Health issues causing back pain

Sometimes a horse’s bucking at canter departs is due to an underlying physical health issue, often related to the back or hindquarters. Kissing spines, arthritis, sacroiliac joint inflammation, pinched nerves, and other back problems can make collection painful. The horse may buck to avoid the pain they feel when rounding their back and engaging the hind end.

Chiropractic work, massage therapy, veterinarian prescribed joint supplements, and rest can help resolve these issues. Make sure the saddle does not put pressure on sore spots. Addressing the physical pain will help the undesirable behavior resolve.

How to prevent bucking into the canter

There are several training and riding techniques that can help minimize or eliminate your horse bucking during upward canter transitions:

  • Build strength and fitness with ground poles, cavaletti, or hill work
  • Have your vet or chiropractor check for back or hind end pain
  • Make sure your saddle is properly fitted
  • Ask for the canter from a halt or walk, instead of from trot
  • Try lifting your horse’s back before asking for the depart
  • Engage the hindquarters before asking for the transition
  • Sit deeply, relax your hips, and lean slightly back
  • Look up, lift your chest, keep elbows at your sides
  • Remain calm and confident; tension is contagious!

Correcting the bucking

When your horse does buck into the canter, here are some tips on how to respond:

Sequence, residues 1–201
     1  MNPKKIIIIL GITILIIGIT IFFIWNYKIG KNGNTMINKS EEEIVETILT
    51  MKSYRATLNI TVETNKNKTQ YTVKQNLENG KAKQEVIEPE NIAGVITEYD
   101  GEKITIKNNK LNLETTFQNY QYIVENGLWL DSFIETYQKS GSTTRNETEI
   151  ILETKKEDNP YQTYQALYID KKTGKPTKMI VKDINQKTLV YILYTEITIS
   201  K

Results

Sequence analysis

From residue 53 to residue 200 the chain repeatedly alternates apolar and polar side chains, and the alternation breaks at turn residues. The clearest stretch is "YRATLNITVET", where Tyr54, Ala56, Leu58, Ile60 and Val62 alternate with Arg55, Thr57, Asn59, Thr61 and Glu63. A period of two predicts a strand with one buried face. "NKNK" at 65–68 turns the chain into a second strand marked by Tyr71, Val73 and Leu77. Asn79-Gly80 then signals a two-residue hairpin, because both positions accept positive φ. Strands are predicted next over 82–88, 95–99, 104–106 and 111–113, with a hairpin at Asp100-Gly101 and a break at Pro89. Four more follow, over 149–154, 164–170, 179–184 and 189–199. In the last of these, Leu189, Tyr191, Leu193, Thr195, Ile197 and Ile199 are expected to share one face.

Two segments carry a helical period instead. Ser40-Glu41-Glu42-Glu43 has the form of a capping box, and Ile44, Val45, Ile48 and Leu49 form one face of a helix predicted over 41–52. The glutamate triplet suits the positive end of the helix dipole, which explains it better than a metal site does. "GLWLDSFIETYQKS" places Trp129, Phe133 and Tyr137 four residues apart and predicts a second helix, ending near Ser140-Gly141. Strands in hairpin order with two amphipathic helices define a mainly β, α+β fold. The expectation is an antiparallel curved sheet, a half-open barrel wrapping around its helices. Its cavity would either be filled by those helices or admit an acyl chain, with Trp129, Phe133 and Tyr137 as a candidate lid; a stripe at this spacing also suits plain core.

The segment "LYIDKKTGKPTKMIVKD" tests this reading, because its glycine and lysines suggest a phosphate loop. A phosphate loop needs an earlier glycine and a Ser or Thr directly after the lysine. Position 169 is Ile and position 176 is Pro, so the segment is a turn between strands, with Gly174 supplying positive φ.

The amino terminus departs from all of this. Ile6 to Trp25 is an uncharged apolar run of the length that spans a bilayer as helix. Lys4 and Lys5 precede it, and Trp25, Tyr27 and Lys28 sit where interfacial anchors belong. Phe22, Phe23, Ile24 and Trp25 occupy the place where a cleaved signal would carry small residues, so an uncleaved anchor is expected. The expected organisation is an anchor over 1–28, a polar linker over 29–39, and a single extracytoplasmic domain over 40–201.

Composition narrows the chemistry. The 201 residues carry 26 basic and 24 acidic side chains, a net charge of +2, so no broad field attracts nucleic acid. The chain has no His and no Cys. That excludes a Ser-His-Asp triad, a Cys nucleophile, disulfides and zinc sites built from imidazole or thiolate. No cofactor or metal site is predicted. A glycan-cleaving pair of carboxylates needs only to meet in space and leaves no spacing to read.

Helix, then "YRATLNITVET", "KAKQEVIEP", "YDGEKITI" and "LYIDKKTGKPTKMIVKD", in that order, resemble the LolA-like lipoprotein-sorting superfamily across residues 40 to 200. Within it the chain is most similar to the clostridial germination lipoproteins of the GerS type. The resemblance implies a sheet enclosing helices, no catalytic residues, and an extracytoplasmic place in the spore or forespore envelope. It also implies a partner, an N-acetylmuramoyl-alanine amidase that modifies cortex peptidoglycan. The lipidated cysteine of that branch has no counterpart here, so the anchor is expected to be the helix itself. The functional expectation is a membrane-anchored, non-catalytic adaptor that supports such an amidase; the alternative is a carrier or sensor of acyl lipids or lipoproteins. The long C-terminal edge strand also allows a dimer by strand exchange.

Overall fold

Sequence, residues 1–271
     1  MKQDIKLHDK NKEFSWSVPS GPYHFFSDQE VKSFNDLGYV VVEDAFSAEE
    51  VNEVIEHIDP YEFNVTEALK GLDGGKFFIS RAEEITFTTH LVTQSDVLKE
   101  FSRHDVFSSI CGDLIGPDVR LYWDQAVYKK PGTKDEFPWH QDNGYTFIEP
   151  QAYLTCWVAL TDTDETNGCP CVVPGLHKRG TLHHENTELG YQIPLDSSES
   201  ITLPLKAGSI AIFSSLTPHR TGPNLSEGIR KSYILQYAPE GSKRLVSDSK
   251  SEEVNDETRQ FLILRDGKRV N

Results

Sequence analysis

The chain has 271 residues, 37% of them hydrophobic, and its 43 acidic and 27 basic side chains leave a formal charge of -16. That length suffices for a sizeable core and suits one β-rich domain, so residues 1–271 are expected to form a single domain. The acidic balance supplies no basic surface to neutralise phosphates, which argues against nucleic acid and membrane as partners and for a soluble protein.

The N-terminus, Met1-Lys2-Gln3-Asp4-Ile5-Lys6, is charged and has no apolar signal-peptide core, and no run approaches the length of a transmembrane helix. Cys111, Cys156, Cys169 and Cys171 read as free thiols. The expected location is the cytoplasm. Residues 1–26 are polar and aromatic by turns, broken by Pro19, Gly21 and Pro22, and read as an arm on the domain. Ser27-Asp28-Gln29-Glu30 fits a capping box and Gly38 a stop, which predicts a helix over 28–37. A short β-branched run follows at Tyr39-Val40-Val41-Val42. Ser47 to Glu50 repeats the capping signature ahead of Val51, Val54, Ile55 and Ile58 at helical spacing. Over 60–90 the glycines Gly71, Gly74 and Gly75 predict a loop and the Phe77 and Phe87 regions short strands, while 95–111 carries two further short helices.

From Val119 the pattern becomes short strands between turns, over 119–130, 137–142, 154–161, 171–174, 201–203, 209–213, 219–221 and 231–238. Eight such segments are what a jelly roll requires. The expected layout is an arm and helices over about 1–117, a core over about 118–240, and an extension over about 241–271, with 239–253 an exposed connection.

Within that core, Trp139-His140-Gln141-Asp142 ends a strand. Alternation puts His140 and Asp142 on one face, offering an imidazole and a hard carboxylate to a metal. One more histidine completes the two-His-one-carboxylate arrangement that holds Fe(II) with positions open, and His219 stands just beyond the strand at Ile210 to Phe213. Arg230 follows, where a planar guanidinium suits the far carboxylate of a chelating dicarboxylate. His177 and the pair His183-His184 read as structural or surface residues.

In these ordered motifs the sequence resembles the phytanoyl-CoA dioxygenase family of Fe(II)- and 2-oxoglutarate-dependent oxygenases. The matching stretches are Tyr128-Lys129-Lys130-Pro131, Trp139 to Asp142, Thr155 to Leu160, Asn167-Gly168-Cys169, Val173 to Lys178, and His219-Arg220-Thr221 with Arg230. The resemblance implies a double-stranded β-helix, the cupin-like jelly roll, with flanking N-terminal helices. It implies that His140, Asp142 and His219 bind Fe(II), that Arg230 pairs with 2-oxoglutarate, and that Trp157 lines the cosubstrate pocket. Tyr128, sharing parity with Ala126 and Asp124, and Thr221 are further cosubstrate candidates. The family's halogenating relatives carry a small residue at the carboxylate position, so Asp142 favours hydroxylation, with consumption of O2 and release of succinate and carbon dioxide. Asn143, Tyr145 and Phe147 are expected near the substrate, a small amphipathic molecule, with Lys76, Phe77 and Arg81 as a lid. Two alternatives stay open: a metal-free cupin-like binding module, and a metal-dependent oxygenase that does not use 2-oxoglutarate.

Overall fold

• Sit deep, lean slightly back, and keep your weight off their mouth
  • Stay calm and centered; don’t tense up or grab the reins
  • Don’t allow your horse to continue forward in the buck; bring them to a stop or circle
  • Ask them to disengage or flex their head and neck laterally to get them straight
  • Make them stand quietly for a few seconds before asking again calmly
  • If the behavior persists, consult a professional trainer


Bucking during canter departs is a common but correctable behavior. With proper training, strength building, and consistency from the rider, the horse will learn to transition smoothly into canter. Ensuring the saddle fits, addressing any pain issues, starting from a halt, and staying centered during transitions will help minimize bucking over time.

Staying firm yet fair when correcting the bucking, and not allowing the horse to evade going forward, will communicate that bucking won’t be tolerated. With repetition, clarity, and confidence from the rider, the horse will abandon this undesirable behavior and begin relaxing into a smooth collected canter.

Cause Solution
Anxiety or excitement Remain calm, train confidence
Testing the rider Be firm and consistent
Poor conditioning Strengthen topline and hindquarters
Ill-fitting saddle Have saddle properly fitted
Rider imbalance Sit deep, lean slightly back
Back pain Address health issues causing pain

Key Takeaways

  • Young or anxious horses may buck from fear of cantering
  • Some horses buck to test their rider
  • Lack of strength and fitness can make collection painful
  • Correct saddle fit is essential
  • Rider should stay centered and avoid leaning forward
  • Underlying back pain should be addressed
  • Building topline strength helps
  • Stay calm but firm when correcting bucking

With training, strength, and consistency, your horse can learn to pick up the canter smoothly without evasions. Stay centered, address any pain issues, and take the time to build proper musculature and fitness. With repetition, your cues will become clear and your horse will respond calmly rather than bucking.

Riding should be a peaceful, enjoyable experience for both horse and rider. Paying attention to your horse’s needs, communicating clearly, and setting fair boundaries will build a strong relationship built on trust and understanding. You’ll both come to look forward to a nice relaxed canter across the countryside.